Gold dips as Treasury yields rise on housing starts

Key Points
  • Gold in narrow range in last quarter of 2017
  • Biggest ETF reports 7.1-ton outflow on Monday
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Gold dipped on Tuesday as U.S. Treasury yields rose on an uptick in housing starts for November and even though the dollar fell, a factor that generally supports gold. Market players were wary of taking new positions before the holiday season. Gold is on track to post its narrowest trading range of any quarter in a decade in the last three months of the year.

Spot gold was down 0.04 percent at $1,260.86 an ounce high of $1,265.20, while U.S. gold futures futures for February delivery settled down $1.30, or 0.1 percent, at $1,264.20 per ounce. U.S. Treasury yields hit session highs and the yield curve steepened as U.S. housing starts unexpectedly rose in November.

"That prompted rates to move higher and the U.S. dollar was up as a result," but edged lower later, said Bart Melek, head of commodity strategy at TD Securities in Toronto.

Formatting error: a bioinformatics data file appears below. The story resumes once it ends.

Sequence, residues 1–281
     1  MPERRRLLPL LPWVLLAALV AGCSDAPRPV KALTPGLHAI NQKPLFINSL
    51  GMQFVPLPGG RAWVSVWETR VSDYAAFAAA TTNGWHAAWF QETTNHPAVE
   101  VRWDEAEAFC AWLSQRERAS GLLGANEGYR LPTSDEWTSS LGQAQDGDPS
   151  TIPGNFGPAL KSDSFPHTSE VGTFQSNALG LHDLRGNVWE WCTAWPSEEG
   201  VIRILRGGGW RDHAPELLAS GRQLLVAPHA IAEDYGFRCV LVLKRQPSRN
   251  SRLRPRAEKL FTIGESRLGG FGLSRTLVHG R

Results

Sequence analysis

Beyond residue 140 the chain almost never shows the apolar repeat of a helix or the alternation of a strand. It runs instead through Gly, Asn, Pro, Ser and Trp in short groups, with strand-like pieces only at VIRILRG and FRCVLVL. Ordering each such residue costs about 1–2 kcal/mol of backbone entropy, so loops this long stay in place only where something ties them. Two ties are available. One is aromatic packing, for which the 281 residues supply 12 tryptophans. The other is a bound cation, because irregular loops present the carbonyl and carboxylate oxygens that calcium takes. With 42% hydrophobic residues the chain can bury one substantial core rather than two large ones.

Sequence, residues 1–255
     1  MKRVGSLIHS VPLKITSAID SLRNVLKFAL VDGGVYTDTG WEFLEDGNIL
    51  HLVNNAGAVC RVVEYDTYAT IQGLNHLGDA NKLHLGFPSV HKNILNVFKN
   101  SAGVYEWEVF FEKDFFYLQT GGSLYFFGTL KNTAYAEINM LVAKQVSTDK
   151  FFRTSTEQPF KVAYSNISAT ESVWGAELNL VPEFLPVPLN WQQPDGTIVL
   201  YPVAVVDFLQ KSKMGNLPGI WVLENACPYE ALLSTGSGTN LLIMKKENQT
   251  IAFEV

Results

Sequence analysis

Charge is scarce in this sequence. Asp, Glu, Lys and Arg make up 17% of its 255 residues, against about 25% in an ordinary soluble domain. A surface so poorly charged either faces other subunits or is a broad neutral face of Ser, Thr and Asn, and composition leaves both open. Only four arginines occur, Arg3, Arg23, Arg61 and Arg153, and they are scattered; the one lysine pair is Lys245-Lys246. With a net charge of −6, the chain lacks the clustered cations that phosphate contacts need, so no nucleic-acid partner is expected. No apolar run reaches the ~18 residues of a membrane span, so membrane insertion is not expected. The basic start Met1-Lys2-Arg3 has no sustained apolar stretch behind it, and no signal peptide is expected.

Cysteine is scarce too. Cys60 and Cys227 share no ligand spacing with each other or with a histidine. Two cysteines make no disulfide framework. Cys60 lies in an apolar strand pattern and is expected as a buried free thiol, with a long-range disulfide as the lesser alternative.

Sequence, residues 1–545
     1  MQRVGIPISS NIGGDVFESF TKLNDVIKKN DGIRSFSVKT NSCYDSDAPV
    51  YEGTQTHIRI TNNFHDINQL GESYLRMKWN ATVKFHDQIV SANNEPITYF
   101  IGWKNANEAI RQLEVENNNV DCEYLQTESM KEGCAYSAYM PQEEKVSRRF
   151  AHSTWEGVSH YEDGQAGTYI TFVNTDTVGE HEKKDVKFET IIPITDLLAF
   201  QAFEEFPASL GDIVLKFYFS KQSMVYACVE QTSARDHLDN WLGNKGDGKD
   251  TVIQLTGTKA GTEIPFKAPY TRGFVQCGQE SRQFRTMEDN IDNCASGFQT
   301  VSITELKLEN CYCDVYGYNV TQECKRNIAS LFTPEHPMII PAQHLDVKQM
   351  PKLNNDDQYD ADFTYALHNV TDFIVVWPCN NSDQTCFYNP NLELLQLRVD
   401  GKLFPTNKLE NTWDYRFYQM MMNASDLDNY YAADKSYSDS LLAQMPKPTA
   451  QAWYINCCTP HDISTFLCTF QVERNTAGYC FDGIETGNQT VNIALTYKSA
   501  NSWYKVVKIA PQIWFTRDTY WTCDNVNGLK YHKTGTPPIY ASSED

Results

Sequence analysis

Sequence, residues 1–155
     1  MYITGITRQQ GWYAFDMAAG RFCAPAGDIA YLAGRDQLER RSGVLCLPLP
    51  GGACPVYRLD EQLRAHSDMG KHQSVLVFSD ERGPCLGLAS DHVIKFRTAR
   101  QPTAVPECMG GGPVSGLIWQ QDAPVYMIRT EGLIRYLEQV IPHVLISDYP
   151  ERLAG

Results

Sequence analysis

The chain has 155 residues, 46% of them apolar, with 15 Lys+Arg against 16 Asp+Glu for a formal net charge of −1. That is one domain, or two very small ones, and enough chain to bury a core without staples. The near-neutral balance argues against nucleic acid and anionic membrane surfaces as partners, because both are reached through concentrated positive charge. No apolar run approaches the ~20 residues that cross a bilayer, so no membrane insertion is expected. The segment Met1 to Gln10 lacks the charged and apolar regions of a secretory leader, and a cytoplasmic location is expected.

Higher bond yields make non-yielding bullion less attractive to investors. They also tend to boost the U.S. dollar, but "investors are adjusting positions ahead of the holiday weekend, so there's some ambiguity right now," Melek said. Caution about pending U.S. tax legislation pressured the dollar, traders said. Congress appeared all but certain to pass the bill.

World stocks dipped with investors taking profits after recent highs in the tech sector before Republican lawmakers achieve their goal of passage. The dollar eased against the euro, as investors were cautious about how much the tax reforms, if passed, would boost the U.S. economy.

"The (gold) market is trying to move higher ... (as) the euro/dollar is trying to move above $1.18 again," ABN Amro analyst Georgette Boele said, though she added that moves were still relatively small. "Liquidity is drying up a bit."

Holdings of the world's largest gold-backed exchange-traded fund, New York-based SPDR Gold Shares , fell 7.1 tonnes on Monday, their largest one-day outflow since late July, cutting its inflow for the year to 15 tonnes.

Among other precious metals, silver was down 0.5 percent at $16.05 an ounce, after seeing a two-week high of $16.22.

Platinum was up 0.8 percent at $914 an ounce, earlier hitting a two-week high of $919.40. The metal has rallied nearly $30 an ounce in the last two trading sessions.

Palladium was up 0.6 percent at $1,023.95 an ounce.